More business models for ITaaS
There are quite a few different ways for companies to make a profit. If you’re going to run IT like an independent business … the ITaaS approach … you’d better know what they are.
A couple of years ago I “reported,” in InfoWorld that “… the Silicon Valley Rabbinical Society is reportedly experimenting with services as a service, and the Conjunction Society of America will soon offer “as” as a service.”
While we haven’t sunk quite that low … not yet, at least … we do have IT as a Service (ITaaS). This isn’t, fortunately, an attempt to package everything IT does into software you can access through your browser. It is, somewhat unfortunately, the resurrection of the old idea that you should run IT as if it is an independent business, selling to its internal customers.
Last week’s column pointed out a logical consequence — that if you’re going to run IT like an independent business you’ll have to actually run IT like an independent business. Among the ramifications: You’ll have to run IT according to a clearly enunciated business model — a well-defined account of the levers and buttons you pull and push to gain profitable revenue.
In real businesses the “big three” business models are product innovation, customer intimacy, and operational excellence. Likewise ITaaS.
But while these are the most common models, they’re hardly the only ones, and so, in response to popular demand, here’s the first half of the rest of my list of business models employed by real corporations, along with a suggestion of how they might apply to ITaaS.
Product/service innovation variants
We covered the basic version of product innovation last week, but there are three variants that deserve special mention:
- Razor/blades — give away the core product to create a captive market for renewables. ITaaS might, I suppose, “give away” PCs, smartphones and tablets in order to create demand for applications, charging enough for access and use to make a profit on the spread.
- Financing — break even on the core product; make money on financing the purchase. Back in the day, GM made more money financing car purchases than it did on vehicle sales. Many health clubs finance memberships and make more on the financing than on the dues. It’s a dangerous play, though. As GM demonstrated, once you head down this path it’s easy to stop caring whether you sell competitive products. ITaaS should blow this one off.
- Media — use content as bait; sell content consumers to advertisers. I don’t even want to think how ITaaS might make use of this business model.
- Production capacity/capability. Most hotels and airlines follow this model — they do everything they can to fill rooms and seats.On the apps side of the IT house I’ve heard this called the “leverage” model and it’s a seriously bad idea. It means assigning everyone to enough projects that they’re always busy. The theory: doing so minimizes unit costs by eliminating wasted down time. The reality: According to Tom Demarco, along with just about every developer I know, every interruption and task switch from one project to another costs 15 unproductive minutes. Do the math.On the ops side of the IT house this strategy can make more sense — keeping networks and servers near but not beyond capacity minimizes unit cost. If you’re interested in pursuing this model, two words: hybrid cloud.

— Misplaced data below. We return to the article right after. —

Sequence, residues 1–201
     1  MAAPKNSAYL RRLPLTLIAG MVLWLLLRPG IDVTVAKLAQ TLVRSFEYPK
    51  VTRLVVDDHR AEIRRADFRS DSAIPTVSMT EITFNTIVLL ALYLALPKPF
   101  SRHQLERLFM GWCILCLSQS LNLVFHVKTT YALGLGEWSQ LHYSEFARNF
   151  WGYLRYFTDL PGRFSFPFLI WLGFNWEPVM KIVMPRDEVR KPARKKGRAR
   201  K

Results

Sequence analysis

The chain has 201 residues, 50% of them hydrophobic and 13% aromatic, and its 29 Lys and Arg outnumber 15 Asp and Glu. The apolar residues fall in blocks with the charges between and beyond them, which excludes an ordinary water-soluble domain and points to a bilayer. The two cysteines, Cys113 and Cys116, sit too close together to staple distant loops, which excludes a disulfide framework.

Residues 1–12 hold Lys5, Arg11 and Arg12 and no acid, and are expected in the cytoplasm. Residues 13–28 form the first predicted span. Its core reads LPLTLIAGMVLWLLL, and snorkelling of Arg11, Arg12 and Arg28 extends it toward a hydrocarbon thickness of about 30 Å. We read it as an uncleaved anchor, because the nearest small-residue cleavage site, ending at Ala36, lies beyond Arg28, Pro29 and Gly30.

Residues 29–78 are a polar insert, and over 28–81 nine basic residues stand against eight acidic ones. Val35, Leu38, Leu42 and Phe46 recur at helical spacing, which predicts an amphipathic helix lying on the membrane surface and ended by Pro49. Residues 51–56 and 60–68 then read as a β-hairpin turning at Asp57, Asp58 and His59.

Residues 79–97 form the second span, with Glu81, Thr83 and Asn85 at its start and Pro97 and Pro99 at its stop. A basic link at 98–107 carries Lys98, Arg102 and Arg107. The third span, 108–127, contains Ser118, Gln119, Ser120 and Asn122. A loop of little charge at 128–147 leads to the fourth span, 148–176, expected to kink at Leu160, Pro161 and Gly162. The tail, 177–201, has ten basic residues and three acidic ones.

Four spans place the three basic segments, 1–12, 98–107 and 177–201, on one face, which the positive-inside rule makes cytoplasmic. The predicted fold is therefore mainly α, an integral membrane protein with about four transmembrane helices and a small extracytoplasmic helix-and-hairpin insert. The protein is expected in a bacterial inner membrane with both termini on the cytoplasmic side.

- Technology/competency. This means finding new uses for something you’re good at. In the world of ITaaS this might have some tactical value, for example, renting out business analysts to help business managers figure out more effective ways of doing things, or renting out project managers to lead non-software-related projects.
- Sales/marketing method. Think Amway and Mary Kay — it doesn’t matter what you’re selling, so long as you can use your established selling techniques to sell it. If there’s application to ITaaS I’m not ingenious enough to spot it.
- Distribution method. This usually means dominating a distribution channel, and at a minimum means mastering one. For example, you know those nasty companies that trick you into installing adware? That’s an unsavory example. Convenience stores are a non-unsavory example (I nearly said “savory,” but the food they sell isn’t that tasty. Except, of course, for Nut Goodies.)The ITaaS version might be interesting: As IT already has relationships with literally everyone else in the company, figuring out more services that might have business value and could be provided through those relationships has potential.
- Natural resources. The extraction industries — forest products, mining, coal, oil … We could push the boundaries, I suppose, and think of everything in the company’s databases as natural resources, making data mining directly analogous to actual mining. But if we did, the Metaphor Police would hunt us down like dogs.Had enough? Too bad — we’re only about halfway done. But it is enough for this week.Stay tuned.